The California Public Employees Retirement System (Calpers), which is the largest US pension fund, has announced plans to reduce its real estate exposure by up to $3 billion. This move is part of an ongoing cost reduction programme which will see the pension fund reduce the number of outside advisers from 200 down to 100 by 2020. So, why has the pension fund decided to reduce its real estate exposure?
Enormous real estate exposure
The overall fund is valued at $303 billion with around $25.5 billion invested in real estate. The proposed $3 billion reduction will not include any residential properties and will either be sold as a lump sum or split up into smaller packages. It is believed that the funds raised will eventually be reinvested back into the real estate market although it is worth noting that the funds exposure to real estate will remain well below the 10% target.
Why reduce real estate exposure now?
The simple fact is that back in 2010 the pension fund took a significant hit on real estate assets to the tune of 37%. At this moment in time the fund has a target return of 7.5% per annum although due to volatile markets this has not been achieved in recent times. When you take into account the enormous amount of money invested in US real estate, although relatively small by market size, it does make sense to sell fully valued assets when there are buyers a plenty.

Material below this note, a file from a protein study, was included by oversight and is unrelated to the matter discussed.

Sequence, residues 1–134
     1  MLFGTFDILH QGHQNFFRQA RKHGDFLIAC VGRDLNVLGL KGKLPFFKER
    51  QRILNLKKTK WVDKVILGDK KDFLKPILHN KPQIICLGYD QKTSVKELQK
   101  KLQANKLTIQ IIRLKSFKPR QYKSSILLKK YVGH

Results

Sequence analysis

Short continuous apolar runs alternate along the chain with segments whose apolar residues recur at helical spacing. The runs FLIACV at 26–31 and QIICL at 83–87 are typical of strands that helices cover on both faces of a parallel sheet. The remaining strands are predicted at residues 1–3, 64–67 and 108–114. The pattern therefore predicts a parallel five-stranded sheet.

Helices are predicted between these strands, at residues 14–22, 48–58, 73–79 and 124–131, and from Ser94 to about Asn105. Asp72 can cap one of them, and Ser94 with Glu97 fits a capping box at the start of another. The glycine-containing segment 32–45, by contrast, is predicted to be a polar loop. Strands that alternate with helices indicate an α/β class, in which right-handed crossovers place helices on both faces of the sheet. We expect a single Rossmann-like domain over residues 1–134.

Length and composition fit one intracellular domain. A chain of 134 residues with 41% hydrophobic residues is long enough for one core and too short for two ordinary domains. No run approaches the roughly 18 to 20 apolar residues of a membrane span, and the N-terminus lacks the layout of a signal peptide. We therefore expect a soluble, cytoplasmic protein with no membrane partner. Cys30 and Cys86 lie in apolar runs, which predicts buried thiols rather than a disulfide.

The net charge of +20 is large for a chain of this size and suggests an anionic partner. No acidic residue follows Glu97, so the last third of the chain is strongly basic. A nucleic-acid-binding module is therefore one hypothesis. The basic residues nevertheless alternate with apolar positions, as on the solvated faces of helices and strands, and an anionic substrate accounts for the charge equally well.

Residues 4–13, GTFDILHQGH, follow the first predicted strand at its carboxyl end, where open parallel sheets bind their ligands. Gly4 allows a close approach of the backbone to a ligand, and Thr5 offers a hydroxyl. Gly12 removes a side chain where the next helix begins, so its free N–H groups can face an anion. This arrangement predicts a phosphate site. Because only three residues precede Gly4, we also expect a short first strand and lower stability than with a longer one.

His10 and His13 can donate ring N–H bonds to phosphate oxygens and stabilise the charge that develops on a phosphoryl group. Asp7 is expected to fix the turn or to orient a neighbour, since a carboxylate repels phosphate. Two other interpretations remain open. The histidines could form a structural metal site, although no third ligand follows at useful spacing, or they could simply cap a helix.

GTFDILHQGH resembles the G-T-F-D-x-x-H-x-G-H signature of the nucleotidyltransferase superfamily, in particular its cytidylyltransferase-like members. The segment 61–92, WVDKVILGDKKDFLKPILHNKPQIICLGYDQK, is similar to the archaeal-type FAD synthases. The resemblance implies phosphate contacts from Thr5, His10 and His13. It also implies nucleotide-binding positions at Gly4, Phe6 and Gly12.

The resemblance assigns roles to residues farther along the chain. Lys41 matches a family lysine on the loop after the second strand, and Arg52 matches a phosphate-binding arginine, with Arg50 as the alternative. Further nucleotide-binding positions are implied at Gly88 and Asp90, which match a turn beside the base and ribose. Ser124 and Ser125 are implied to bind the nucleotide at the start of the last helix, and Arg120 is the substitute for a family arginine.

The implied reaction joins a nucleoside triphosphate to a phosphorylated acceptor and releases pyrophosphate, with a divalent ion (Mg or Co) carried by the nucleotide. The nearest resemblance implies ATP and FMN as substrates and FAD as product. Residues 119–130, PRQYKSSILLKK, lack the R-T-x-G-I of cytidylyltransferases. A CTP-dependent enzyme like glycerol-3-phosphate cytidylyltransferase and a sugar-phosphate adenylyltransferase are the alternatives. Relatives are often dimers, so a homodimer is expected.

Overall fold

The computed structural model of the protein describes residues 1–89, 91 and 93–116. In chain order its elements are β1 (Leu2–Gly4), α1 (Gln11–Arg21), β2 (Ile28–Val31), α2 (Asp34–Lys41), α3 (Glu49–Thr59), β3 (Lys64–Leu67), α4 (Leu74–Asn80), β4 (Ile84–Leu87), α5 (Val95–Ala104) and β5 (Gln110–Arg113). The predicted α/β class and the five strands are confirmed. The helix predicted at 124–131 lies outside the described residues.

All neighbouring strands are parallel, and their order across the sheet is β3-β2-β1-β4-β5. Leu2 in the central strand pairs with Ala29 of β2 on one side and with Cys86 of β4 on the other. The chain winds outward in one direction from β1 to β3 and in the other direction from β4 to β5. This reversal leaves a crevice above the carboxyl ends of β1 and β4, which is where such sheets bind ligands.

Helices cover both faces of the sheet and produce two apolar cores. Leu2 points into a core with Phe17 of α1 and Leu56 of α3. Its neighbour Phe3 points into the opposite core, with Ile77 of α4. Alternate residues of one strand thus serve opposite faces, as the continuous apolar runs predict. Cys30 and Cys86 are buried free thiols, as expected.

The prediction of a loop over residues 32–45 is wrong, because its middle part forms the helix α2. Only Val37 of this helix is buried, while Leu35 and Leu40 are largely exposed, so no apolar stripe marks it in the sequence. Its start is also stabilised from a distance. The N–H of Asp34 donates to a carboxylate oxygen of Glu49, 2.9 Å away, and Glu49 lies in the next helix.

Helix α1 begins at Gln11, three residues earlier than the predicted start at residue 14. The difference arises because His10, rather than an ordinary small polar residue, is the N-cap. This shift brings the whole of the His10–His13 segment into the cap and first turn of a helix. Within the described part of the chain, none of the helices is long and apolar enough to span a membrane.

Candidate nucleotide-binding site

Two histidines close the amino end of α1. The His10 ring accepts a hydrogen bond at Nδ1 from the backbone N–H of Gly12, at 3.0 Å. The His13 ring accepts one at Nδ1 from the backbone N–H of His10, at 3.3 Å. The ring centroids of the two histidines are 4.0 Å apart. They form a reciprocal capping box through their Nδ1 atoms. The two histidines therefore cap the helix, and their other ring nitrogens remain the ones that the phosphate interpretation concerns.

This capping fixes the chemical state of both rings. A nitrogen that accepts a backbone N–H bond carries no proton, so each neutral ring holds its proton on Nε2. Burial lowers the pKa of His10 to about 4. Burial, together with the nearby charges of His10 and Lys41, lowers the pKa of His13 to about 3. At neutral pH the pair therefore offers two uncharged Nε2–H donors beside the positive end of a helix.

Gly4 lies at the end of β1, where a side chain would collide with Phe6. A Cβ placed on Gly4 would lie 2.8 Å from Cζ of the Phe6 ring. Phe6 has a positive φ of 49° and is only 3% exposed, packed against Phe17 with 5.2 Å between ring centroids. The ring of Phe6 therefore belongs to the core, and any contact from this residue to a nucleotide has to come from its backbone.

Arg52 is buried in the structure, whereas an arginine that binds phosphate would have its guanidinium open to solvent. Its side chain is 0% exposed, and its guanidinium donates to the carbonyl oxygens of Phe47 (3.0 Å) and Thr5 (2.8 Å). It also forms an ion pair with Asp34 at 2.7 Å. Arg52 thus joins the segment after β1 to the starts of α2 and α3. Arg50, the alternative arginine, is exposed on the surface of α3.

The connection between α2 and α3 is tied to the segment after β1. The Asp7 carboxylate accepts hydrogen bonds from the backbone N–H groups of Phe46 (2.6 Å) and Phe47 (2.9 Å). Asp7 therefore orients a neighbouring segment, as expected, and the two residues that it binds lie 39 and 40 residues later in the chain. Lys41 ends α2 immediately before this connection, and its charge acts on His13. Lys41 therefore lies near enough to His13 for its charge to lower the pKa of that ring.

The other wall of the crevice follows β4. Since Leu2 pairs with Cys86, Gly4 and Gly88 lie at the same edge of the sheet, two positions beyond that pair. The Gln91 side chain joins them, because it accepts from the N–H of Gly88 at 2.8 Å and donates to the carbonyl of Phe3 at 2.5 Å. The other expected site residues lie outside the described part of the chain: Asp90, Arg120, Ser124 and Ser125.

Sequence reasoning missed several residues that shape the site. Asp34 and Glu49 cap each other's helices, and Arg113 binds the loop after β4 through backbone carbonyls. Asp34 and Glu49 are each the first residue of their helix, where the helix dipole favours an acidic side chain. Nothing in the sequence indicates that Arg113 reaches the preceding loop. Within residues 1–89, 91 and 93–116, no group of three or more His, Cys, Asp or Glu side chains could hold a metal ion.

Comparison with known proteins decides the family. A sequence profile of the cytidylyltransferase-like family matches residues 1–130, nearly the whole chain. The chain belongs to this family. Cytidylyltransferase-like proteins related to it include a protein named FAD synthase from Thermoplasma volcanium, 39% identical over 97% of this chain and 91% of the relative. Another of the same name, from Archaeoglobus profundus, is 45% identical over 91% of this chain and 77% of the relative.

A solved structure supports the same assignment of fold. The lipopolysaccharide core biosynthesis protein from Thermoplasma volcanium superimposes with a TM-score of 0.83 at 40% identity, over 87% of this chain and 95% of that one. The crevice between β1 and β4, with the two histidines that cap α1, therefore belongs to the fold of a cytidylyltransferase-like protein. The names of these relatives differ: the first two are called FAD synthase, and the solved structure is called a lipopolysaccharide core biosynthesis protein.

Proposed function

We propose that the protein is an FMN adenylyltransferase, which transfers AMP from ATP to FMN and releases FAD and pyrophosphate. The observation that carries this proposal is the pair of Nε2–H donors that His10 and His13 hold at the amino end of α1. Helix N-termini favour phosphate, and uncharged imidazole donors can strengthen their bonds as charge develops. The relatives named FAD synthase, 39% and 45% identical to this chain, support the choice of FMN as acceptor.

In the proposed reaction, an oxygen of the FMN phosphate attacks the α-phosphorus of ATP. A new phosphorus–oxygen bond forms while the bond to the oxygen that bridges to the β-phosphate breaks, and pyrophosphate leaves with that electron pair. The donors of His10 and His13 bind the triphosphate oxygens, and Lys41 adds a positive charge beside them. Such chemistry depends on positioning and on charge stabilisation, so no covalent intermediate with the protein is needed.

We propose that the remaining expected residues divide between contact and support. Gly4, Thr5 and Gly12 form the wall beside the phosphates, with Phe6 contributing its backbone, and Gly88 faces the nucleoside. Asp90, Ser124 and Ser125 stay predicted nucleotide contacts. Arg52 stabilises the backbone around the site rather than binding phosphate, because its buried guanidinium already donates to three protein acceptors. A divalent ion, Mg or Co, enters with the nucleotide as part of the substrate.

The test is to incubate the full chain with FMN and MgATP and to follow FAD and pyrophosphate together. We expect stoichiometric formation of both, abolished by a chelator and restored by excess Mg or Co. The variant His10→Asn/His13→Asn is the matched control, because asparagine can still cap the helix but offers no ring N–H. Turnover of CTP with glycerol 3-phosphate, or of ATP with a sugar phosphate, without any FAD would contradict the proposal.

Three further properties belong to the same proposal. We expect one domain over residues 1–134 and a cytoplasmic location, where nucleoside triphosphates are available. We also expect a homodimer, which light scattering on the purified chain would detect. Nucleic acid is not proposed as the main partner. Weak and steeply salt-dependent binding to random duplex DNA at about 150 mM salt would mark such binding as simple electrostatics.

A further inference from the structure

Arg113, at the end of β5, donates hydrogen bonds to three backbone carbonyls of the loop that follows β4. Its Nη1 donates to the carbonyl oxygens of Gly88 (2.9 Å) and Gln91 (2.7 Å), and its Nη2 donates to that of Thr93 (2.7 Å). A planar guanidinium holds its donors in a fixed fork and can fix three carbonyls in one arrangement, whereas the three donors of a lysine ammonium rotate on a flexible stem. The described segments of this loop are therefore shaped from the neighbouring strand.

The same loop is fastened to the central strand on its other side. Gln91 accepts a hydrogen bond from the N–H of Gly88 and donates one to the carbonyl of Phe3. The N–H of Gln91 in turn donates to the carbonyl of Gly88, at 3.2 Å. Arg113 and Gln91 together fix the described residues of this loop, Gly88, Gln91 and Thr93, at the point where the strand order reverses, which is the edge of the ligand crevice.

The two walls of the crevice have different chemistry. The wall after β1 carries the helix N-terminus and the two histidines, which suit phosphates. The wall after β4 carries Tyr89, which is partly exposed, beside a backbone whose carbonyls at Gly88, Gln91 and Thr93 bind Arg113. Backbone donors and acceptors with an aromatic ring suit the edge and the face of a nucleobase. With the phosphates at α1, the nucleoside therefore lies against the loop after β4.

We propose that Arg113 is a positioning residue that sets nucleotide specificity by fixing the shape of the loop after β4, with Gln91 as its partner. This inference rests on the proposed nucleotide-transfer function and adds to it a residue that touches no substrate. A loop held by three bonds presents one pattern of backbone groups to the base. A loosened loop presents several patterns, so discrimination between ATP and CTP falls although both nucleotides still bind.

Short to medium-term outlook
The fund will still have real estate assets worth in excess of $20 billion even after the planned reduction with an additional $3 billion to invest in the right real estate deals. The fact that the 7.5% annual target has not been reached of late, with any shortfall made up from the public purse, has led to the fund trustees looking to reduce overall costs. A reduction in running costs, a more focused approach to outside managers and a less complicated investment profile should improve investment returns in the longer term.
The US real estate market is attracting the attention of domestic and overseas investors and many experts believe the fund will have little difficulty in offloading assets up to a value of $3 billion. The US economy is not exactly firing on all cylinders but it does seem well-positioned for medium to long-term growth even if the short-term outlook is mixed to volatile.
Will other investors follow suit?
There may be others who will follow the path of Calpers although in reality there seems to be a mood of positivity running through the US real estate market at the moment. Whether this is the right time to reduce real estate holdings remains to be seen. However, the fund is worth in excess of $300 billion including real estate assets currently valued at around $25.5 billion (around 1% of fund value) so is it really a major shift in investment strategy?
It will be interesting to see whether the pension fund is able to dispose of these real estate assets in one transaction or whether indeed they will be broken down into smaller tranches.